Migration to the United States - The Move to St. Louis and A New Research Trajectory

After moving to Washington University in 1935, Hamburger advanced from Assistant Professor (1935-1939), to Associate Professor (1939-1941), and full Professor (1941-1966), and then, after retirement from the teaching faculty in 1966, he was appointed Edward Malinckrodt Distinguished University Professor (1968) taking emeritus status in 1969. He also served as department chairman for 25 years (1941-1966).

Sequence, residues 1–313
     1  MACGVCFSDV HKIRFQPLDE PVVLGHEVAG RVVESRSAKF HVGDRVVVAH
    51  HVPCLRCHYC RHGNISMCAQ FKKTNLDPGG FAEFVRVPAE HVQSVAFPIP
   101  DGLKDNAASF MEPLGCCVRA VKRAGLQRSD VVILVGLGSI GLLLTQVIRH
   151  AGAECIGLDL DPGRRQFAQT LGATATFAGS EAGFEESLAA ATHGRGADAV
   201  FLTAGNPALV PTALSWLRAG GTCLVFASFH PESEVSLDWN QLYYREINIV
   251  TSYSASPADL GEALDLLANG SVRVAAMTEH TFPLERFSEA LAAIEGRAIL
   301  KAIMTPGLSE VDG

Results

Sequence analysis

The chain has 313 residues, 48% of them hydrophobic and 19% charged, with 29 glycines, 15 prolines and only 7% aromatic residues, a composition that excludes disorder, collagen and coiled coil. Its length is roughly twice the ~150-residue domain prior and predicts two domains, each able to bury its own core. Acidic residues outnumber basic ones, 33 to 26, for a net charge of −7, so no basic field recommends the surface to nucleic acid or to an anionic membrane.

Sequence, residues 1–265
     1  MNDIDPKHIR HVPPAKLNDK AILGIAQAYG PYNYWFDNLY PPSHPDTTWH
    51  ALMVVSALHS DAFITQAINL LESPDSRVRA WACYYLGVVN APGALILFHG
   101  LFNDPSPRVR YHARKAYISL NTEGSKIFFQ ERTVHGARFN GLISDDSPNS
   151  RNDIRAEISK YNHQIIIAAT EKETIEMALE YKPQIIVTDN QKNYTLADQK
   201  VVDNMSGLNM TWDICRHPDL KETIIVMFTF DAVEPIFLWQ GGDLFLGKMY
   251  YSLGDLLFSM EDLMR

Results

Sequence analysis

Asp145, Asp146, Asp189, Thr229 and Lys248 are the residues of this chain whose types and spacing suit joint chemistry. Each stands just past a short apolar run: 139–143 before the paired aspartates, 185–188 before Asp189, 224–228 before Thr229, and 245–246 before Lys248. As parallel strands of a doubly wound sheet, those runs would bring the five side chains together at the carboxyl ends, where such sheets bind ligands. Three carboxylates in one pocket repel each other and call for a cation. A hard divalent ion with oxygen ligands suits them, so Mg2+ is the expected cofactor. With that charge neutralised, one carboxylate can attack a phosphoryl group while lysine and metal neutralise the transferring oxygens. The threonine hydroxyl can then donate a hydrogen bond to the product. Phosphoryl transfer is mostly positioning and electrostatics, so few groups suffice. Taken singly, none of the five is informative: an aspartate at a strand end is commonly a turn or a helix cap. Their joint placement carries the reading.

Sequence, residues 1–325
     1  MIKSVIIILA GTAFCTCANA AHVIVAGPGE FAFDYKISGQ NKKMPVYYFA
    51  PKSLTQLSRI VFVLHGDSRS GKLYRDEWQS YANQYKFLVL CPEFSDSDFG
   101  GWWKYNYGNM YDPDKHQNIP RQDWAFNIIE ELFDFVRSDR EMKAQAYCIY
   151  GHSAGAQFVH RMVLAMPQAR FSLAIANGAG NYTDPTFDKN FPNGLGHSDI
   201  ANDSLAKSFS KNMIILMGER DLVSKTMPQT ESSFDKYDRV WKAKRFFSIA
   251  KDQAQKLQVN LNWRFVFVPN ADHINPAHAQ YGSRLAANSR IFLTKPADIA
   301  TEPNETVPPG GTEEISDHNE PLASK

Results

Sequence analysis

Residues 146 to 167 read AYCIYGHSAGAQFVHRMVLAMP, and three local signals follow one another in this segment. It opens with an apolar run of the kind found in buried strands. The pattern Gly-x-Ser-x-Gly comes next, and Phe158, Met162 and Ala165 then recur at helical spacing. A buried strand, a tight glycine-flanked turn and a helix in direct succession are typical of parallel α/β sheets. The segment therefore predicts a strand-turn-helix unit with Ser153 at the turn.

The vast majority of Hamburger’s research work from 1935 through the 1970s and 1980s focused on four major areas of chick development: (1) The effects of limb bud extirpation or transplantation on the development and outgrowth of motor columns in nearby regions of the spinal cord; (2) Developmental genetics of the creeper fowl; (3) The development of chick behavior, especially before hatching; and (4) Detailed cell counts in hypo- and hyperplasia in the lumbar motor columns in chick embryos in which limb buds were, respectively, extirpated, or grafted onto the embryo, with a focus on determining the role of neuronal cell death during development.